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Wilbur’s 100 Greatest Heavyweights of All Time: 80-71

By Brian Wilbur

Welcome to RSR and my countdown of the 100 greatest heavyweights in boxing history. I should note before we go any farther down the list that today’s active top heavyweights were not considered. To be included, boxers don’t necessarily have to be retired, but their legacies have to be secured and their careers are, for all intents and purposes, over. For example, Evander Holyfield is eligible despite his continuing ring campaigns. David Haye though, is not eligible because he is still right in the thick of his career and his legacy is still very much up in the air. Sorry UK fans! Though if you are a UK boxing fan you will be very interested to see who comes in at #79 in this week’s column.

The Klitschko brothers, like Haye, were also not considered for the list so please don’t hold your breath if you are expecting to see where they land. Vitali and Wladimir are terrific boxers and dominate their era so they would surely make it somewhere on my top 100 list once their careers are effectively over. However since they are still actively campaigning I omit them from the list.

To satisfy those curious, if I did rank the Klitschko brothers they would probably land somewhere in the top 30-20 range because of the dominance displayed in their, albeit weak, era.

With that groundwork covered and out of the way I will continue on where we left off last week.

80. Michael Spinks

Michael and his older brother Leon both won Olympic Gold medals in the 1976 Olympic games, with Michael at middleweight and Leon at light heavyweight. Michael turned pro as a super middleweight, quickly moved up to light heavyweight and went on to become a top 3 light heavyweight of all time. Having dominated a terrific era of light heavyweights and becoming the undisputed champion at 175 pounds, Spinks had nothing more to prove and thus moved up in weight to the glamour division. Spinks’s heavyweight career only lasted five fights, but he made enough of an impact in those fights to make it on the list. Spinks had terrific fundamentals that started with a great jab, allowing him to compete with much bigger men in a way that previous great light heavyweights had struggled. Michael’s destructive straight right hand was the inspiration for his nickname: the Spinks Jinx, and he surprisingly kept his power as he moved up in weight as shown from his TKO of Gerry Cooney. Michael retired after his only career loss, a KO against a prime Mike Tyson.

Most Famous Fight(s): UD15 over Larry Holmes to win the Heavyweight Championship in 1985, KO1 loss to Mike Tyson in 1988.

Notable Wins: SD15 over Larry Holmes in 1986 in the controversial rematch, TKO5 over Gerry Cooney in 1987.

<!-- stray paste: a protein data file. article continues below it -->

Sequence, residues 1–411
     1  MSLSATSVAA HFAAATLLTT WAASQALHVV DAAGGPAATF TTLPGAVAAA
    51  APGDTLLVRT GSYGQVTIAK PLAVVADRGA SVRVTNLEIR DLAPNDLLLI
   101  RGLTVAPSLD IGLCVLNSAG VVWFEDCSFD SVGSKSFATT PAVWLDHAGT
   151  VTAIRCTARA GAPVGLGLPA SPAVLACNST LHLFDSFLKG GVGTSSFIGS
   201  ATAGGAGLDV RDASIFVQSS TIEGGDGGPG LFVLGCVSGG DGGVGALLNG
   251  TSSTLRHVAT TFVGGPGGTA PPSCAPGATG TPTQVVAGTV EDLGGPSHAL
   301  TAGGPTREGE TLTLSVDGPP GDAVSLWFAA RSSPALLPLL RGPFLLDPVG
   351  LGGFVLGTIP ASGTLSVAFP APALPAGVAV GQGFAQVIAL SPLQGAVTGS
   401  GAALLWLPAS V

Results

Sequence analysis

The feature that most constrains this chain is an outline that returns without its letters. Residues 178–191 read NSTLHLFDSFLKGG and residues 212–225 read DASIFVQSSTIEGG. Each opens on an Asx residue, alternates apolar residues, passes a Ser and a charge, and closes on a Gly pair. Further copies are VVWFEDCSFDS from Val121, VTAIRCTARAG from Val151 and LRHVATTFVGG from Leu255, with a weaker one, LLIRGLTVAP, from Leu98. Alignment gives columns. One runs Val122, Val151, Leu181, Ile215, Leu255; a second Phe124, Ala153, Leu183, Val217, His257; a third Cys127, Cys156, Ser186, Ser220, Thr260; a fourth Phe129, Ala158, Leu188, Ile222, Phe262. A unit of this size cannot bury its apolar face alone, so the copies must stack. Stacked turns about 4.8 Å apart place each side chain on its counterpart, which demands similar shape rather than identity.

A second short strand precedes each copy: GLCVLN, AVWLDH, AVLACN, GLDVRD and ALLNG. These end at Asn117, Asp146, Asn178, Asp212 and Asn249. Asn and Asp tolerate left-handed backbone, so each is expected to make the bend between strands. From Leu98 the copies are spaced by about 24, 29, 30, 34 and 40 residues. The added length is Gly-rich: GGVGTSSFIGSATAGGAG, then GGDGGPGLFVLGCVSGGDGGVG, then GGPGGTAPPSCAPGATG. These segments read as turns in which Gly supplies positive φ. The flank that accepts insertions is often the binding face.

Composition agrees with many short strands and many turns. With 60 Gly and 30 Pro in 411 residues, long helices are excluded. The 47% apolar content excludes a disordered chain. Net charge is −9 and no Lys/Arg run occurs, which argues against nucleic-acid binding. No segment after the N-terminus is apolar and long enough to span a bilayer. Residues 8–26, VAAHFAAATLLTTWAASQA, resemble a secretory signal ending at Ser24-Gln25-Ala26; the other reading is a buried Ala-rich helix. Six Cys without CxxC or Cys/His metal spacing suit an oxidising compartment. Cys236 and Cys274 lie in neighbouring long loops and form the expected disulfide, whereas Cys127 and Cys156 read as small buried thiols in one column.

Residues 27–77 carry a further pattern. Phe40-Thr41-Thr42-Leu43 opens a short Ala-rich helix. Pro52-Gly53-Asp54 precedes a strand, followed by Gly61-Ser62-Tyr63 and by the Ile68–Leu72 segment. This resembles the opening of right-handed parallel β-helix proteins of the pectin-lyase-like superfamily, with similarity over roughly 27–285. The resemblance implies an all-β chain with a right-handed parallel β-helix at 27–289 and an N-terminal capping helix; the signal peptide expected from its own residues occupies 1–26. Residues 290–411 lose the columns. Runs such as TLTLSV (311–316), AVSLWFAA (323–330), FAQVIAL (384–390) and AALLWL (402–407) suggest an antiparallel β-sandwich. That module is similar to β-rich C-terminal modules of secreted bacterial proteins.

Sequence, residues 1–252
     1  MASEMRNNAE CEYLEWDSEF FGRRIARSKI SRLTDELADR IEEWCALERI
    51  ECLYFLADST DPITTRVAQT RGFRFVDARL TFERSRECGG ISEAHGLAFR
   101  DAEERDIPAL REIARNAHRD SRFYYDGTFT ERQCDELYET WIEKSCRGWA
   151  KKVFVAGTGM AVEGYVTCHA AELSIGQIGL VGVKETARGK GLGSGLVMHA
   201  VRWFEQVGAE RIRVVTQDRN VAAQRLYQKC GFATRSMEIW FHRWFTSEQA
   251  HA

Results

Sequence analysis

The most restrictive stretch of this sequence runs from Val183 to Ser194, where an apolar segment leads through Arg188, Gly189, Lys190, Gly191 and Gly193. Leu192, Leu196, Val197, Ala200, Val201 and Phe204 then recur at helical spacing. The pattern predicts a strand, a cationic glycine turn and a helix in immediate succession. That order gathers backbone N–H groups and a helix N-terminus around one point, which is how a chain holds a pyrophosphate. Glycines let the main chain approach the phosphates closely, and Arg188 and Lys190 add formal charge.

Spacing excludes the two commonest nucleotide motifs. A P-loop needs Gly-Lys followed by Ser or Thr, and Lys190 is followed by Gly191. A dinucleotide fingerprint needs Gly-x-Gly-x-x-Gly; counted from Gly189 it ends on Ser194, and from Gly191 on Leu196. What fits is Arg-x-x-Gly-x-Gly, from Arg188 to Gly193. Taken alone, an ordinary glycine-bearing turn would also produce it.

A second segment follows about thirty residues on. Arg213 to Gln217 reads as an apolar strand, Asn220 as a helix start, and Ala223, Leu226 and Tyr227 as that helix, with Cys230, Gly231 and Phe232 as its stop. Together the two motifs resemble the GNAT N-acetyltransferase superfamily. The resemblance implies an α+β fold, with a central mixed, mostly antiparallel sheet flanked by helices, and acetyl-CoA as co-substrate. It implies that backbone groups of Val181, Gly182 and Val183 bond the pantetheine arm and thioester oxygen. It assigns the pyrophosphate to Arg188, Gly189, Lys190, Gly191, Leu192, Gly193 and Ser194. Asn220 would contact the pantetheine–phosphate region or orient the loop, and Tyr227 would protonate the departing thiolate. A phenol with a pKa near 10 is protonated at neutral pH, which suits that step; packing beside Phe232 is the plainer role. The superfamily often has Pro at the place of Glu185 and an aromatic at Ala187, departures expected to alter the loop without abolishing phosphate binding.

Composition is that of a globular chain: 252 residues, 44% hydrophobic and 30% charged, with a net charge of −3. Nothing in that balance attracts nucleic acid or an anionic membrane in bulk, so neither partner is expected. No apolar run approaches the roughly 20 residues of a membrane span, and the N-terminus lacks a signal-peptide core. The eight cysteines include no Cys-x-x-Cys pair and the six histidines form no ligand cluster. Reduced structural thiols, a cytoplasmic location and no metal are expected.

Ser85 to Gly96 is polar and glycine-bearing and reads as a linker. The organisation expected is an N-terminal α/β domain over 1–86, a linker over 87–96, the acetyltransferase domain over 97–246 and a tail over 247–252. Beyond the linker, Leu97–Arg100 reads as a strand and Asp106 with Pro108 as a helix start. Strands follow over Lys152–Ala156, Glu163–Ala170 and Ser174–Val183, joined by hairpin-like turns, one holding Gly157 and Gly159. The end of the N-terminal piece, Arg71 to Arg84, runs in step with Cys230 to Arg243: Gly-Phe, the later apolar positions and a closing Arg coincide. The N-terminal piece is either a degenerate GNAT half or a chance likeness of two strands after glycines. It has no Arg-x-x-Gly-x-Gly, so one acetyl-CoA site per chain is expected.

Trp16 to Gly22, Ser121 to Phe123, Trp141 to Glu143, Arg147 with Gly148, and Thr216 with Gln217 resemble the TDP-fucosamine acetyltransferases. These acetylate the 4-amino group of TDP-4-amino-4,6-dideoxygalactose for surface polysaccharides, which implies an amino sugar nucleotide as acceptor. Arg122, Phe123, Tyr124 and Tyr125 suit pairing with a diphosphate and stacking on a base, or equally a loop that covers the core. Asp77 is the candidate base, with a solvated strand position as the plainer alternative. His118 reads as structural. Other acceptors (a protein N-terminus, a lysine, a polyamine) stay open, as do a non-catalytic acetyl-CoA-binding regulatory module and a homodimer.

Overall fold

79. Henry Cooper

Cooper is probably the most famous and most popular heavyweight contender from England. He was a longtime holder of the European and Commonwealth titles, which are the two most celebrated regional belts. Henry would be considered a small cruiserweight by today’s standards since his fighting weight was approximately 188 pounds at his best. He was a tough, heavy handed boxer with an impressive amateur pedigree. Cooper knew how to box and slugged when he needed to, but perhaps the reason that he won the hearts of the British people was his bravery. He cut easily and quite often looked like a horror movie victim, yet still continued to fight on despite his horrific appearance. Muhammad Ali would have been toppled by the noble Englishman in their legendary scuffle in 1963 had it not been for Angelo Dundee’s questionably legal tactics to stall (claiming a torn glove) and give Ali a chance to recover from a 4th round knockdown. Instead, Cooper was stopped on cuts in the 5th.

Most Famous Fight(s): TKO5 loss to Muhammad Ali in 1963.

Notable Wins: 10 round points win over Zora Folley in 1958, 15 round points win over Brian London in 1964.

78. Tommy “Hurricane” Jackson

When someone uses the term “an old school slugfest”, I think of Tommy Jackson. He did not hit particularly hard, but he would come after you like he did. Hurricane Jackson was a storm of non-stop punches from bell to bell. He loved to trade shots, and had the chin and stamina to hang with the best of them despite his reckless style. Eloquence and public speaking were not his strong points, but put him in the ring and he was a natural born killer. Jackson only got one shot at the title and did not convert but defeated a handful of his era’s best contenders that highlighted a very successful career.

Most Famous Fight(s): UD10 over Ezzard Charles in 1955, TKO10 loss to Floyd Patterson in 1957 for the title

Notable Wins: TKO6 over Rex Layne in 1954, MD over Bob Baker in 1956.

77. Tony Tucker

Tucker, standing at 6’5” and weighing around 245 pounds was a full sized heavyweight who fully used his advantages in height and weight. Tony moved well for a big man, had good reflexes, and turned over on his punches well as shown by his 47 KO’s in 57 wins. Tucker also knew how to protect himself and weather storms as shown by his ability to go the distance against a prime Mike Tyson. Perhaps the biggest downfall of “TNT” was his lack of combination punching. Tucker never wanted to leave himself too open for a counter attack so rarely threw more than two punches at a time. The big man from Grand Rapids certainly looked the part of a future great heavyweight champion but fell short against the best of his generation, probably due to his lack of explosiveness and combination punching.

Most Famous Fight(s): UD12 loss to Mike Tyson in 1987 to unify all the belts.

Notable Wins: UD10 over Jimmy Young in 1984, TKO10 over Buster Douglas in 1987, SD12 over Oliver McCall in 1992.

76. Leotis Martin